Conservation status: Domesticated
The silkworm (Bombyx mori, Latin: "silkworm of the mulberry tree") is the larva or caterpillar of a moth that is very important economically as the producer of silk. A silkworm's diet consists solely of mulberry leaves. It is native to northern China and Persia (current Iran).
Silkworms have a strong appetite, as do all lepidopteran larvae. They eat mulberry leaves day and night. Thus, they grow very fast. When the colour of their heads turns darker, it means that it is time for them to moult. After they moult about four times, their bodies turn slightly yellow and their skin becomes tighter, which means they are going to enter an apparently resting state (the pupa or chrysalis), during which they transform themselves into moths. Before becoming a pupa, the silkworm encloses itself in a cocoon, for protection during the vulnerable, almost motionless pupal state. The silkworm is so called because it spins its cocoon from raw silk produced in its salivary glands.
The cocoon is made of a single continuous thread of raw silk from 300 to 900 meters (1000 to 3000 feet) long. The fibers are very fine and lustrous, about 1/2500th of an inch in diameter. About 2,000 to 3,000 cocoons are required to make a pound of silk. Based on 2/3 of mile (1 km) per cocoon, ten unraveled cocoons could theoretically extend vertically to the height of Mt Everest. It is estimated that at least 70 million pounds of raw silk are produced each year, requiring nearly 10 billion pounds of mulberry leaves. According to E. L. Palmer (Fieldbook of Natural History, 1949), one pound of silk represents about 1,000 miles of filament. The annual world production represents 70 billion miles of silk filament, a distance well over 300 round trips to the sun!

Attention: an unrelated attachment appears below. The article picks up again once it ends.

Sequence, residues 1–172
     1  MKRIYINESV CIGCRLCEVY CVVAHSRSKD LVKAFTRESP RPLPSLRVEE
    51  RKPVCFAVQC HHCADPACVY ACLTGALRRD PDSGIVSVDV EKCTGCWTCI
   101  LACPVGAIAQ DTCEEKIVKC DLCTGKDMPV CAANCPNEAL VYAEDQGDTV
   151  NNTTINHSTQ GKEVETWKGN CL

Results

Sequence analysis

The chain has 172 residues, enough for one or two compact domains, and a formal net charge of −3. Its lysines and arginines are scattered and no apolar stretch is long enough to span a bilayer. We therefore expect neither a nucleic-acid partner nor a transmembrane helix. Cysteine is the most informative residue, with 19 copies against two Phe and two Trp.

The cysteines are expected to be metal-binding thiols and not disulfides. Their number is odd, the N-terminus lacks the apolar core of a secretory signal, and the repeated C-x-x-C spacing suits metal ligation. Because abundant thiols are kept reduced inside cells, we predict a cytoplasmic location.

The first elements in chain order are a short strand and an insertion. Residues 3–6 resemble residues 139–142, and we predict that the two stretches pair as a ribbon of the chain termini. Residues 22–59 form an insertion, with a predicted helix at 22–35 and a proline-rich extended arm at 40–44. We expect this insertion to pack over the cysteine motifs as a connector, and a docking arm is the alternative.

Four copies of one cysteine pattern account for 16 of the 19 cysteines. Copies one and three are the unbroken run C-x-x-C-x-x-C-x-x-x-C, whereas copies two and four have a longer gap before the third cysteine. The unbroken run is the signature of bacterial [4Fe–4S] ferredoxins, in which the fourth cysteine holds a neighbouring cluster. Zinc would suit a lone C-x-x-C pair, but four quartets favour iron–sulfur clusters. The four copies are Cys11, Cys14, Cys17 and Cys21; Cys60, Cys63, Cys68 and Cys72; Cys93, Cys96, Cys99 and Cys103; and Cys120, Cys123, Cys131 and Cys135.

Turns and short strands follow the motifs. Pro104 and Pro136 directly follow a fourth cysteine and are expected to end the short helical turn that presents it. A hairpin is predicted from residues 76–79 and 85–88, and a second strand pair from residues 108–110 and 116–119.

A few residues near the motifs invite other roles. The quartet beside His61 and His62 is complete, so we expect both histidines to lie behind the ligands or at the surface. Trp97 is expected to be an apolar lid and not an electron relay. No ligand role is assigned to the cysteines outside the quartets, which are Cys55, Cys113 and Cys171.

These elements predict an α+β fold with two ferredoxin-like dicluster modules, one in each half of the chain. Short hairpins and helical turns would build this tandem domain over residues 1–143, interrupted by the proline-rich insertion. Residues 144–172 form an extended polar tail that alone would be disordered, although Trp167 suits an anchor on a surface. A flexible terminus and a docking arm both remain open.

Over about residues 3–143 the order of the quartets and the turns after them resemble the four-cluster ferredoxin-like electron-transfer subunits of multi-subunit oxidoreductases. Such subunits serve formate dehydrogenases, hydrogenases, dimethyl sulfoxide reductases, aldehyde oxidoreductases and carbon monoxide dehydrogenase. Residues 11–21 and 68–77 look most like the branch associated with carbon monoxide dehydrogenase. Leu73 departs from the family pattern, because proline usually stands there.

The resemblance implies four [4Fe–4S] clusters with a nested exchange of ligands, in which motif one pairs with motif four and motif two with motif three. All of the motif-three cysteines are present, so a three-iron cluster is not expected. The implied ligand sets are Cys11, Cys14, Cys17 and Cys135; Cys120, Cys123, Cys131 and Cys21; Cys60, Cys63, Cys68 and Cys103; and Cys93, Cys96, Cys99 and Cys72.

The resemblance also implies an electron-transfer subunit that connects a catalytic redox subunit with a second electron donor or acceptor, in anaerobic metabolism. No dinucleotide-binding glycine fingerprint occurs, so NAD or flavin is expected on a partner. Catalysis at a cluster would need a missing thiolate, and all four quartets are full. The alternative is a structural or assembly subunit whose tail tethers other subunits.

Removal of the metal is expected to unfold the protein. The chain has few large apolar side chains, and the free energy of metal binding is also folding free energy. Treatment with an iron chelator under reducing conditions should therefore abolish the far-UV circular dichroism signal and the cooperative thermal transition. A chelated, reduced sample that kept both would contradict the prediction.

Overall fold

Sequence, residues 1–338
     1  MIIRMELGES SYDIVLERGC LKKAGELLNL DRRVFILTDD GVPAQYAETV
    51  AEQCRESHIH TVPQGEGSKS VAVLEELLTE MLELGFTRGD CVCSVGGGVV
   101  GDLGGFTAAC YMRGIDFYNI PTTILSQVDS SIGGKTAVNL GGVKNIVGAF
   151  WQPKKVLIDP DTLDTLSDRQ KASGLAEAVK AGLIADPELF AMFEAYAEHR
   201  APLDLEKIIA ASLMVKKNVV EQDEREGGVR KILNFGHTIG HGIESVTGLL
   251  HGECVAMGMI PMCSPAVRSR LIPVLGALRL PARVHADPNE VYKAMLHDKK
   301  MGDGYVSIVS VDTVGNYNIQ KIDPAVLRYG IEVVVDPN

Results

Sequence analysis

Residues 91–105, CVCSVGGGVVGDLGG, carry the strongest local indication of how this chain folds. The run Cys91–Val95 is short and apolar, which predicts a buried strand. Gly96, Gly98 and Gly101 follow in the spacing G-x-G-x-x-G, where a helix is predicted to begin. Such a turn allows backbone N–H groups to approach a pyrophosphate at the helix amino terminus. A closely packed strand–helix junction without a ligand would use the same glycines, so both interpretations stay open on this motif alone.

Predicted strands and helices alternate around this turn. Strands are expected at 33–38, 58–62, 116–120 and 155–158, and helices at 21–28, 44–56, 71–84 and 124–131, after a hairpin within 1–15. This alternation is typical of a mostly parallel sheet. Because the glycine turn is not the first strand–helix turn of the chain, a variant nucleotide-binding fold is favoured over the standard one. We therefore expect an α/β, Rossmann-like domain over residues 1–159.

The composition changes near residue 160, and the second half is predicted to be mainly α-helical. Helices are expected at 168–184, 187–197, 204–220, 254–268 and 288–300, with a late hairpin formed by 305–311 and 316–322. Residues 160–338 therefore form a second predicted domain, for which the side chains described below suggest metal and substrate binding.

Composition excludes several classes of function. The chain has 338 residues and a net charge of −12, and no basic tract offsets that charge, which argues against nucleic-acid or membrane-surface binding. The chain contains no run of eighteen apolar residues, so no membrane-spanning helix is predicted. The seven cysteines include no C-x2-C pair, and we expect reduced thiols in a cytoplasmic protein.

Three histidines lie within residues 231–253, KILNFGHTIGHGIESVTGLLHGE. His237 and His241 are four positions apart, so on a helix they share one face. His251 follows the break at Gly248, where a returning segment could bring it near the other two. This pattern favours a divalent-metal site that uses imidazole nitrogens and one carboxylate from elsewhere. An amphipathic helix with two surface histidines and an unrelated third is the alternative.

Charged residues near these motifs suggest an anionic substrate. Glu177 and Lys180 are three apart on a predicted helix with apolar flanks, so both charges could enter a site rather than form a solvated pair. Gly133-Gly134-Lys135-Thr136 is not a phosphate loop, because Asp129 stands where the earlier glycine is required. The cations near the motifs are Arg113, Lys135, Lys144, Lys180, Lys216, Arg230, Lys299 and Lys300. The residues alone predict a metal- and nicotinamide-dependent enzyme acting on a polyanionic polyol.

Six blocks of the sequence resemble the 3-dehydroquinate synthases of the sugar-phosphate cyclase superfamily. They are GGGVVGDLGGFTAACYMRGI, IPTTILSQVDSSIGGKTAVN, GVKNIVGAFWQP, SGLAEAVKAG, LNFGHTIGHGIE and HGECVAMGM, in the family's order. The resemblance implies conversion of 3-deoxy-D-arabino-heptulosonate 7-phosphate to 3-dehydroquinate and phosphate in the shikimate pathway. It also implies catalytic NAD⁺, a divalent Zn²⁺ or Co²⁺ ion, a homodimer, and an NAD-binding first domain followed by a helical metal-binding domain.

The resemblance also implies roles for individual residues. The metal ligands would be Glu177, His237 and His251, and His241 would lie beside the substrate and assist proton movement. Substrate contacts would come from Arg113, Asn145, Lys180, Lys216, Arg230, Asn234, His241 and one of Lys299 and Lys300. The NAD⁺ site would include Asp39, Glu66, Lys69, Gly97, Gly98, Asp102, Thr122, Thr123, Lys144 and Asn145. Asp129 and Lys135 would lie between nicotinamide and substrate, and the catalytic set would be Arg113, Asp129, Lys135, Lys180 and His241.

If the caterpillar is left to eat a hole on the cocoon, in order to exit as a moth, the threads will be cut short and the silk will be useless, so silkworm cocoons are thrown into boiling water, which kills the silkworms and also makes the cocoons easier to unravel. The silkworm itself is often eaten.
The adult phase (the moth) has been bred for silk production and cannot fly. It is also called the silkworm-moth. They have a wingspan of 2 inches and a white hairy body. Because of its long history and economic importance, the silkworm genome has been the object of considerable study recently.
One of the silkworm's deadliest enemies are ants, who devour the silkworms. But be careful not to confuse young, tiny silkworms with ants, as they look somewhat alike. Silkworms suffer from infectious diseases caused by protozoans, fungi, viruses, and bacteria. The French microbiologist Louis Pasteur investigated several silkworm diseases, which threatened the European silk production at that time.
In China, there is a legend that the discovery of the silkworm's silk was by an ancient empress called Xi Ling-Shi ( Chinese: 嫘祖; Hanyu Pinyin: Léi Zǔ). She was walking around when she noticed the worms. Touching it with her fingers, a strand of silk came out. As more came out and wrapped around her finger, she slowly felt a warm sensation. When the silk ran out, she saw a small cocoon. In an instant, she realized that this cocoon was the source of the silk. She taught this to the people and it became widespread. There are many more legends about the silkworm.
The Chinese jealously guarded their knowledge of silk. It is said that a Chinese princess smuggled eggs to Japan, hidden in her hair. The Japanese thus began their love affair with silk. It takes 2100 silk worms to make a single kimono.
Silkworm is the source of the traditional Chinese medicine "bombyx batryticatus" or "stiff silkworm" ( Simplified Chinese: 僵蚕; Traditional Chinese: 僵蠶; Hanyu pinyin: jiāngcán). It is the dried body of the 4–5th stage larva which has died of the white muscardine disease caused by the infection of the fungus Beauveria bassiana. Its uses are to dispel wind, dissolve phlegm and relieve spasm.
In Korea silkworm pupae, boiled and seasoned, are a popular snack food.